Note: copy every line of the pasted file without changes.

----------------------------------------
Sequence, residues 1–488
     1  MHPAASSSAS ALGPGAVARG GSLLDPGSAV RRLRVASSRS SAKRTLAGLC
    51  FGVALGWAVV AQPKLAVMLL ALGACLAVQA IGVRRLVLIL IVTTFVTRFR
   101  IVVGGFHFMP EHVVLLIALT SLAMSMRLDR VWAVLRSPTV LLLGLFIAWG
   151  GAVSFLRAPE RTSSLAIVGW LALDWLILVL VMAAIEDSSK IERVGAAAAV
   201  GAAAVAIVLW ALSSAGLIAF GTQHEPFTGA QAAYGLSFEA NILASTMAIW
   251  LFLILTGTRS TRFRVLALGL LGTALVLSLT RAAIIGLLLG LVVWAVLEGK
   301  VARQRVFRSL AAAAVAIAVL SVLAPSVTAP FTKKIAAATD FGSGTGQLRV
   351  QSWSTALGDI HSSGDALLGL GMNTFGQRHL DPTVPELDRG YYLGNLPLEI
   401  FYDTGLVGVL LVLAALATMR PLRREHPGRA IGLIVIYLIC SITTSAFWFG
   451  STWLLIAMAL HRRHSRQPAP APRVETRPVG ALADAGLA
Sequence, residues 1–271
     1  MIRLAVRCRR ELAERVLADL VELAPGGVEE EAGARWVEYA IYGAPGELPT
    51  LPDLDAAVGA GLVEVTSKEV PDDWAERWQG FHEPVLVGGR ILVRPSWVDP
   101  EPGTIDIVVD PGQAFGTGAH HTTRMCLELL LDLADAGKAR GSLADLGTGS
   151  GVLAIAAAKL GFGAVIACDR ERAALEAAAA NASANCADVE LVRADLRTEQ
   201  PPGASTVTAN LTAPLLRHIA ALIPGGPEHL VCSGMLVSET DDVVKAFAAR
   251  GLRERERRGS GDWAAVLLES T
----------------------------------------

Sequence, residues 1–488
     1  MHPAASSSAS ALGPGAVARG GSLLDPGSAV RRLRVASSRS SAKRTLAGLC
    51  FGVALGWAVV AQPKLAVMLL ALGACLAVQA IGVRRLVLIL IVTTFVTRFR
   101  IVVGGFHFMP EHVVLLIALT SLAMSMRLDR VWAVLRSPTV LLLGLFIAWG
   151  GAVSFLRAPE RTSSLAIVGW LALDWLILVL VMAAIEDSSK IERVGAAAAV
   201  GAAAVAIVLW ALSSAGLIAF GTQHEPFTGA QAAYGLSFEA NILASTMAIW
   251  LFLILTGTRS TRFRVLALGL LGTALVLSLT RAAIIGLLLG LVVWAVLEGK
   301  VARQRVFRSL AAAAVAIAVL SVLAPSVTAP FTKKIAAATD FGSGTGQLRV
   351  QSWSTALGDI HSSGDALLGL GMNTFGQRHL DPTVPELDRG YYLGNLPLEI
   401  FYDTGLVGVL LVLAALATMR PLRREHPGRA IGLIVIYLIC SITTSAFWFG
   451  STWLLIAMAL HRRHSRQPAP APRVETRPVG ALADAGLA
Sequence, residues 1–271
     1  MIRLAVRCRR ELAERVLADL VELAPGGVEE EAGARWVEYA IYGAPGELPT
    51  LPDLDAAVGA GLVEVTSKEV PDDWAERWQG FHEPVLVGGR ILVRPSWVDP
   101  EPGTIDIVVD PGQAFGTGAH HTTRMCLELL LDLADAGKAR GSLADLGTGS
   151  GVLAIAAAKL GFGAVIACDR ERAALEAAAA NASANCADVE LVRADLRTEQ
   201  PPGASTVTAN LTAPLLRHIA ALIPGGPEHL VCSGMLVSET DDVVKAFAAR
   251  GLRERERRGS GDWAAVLLES T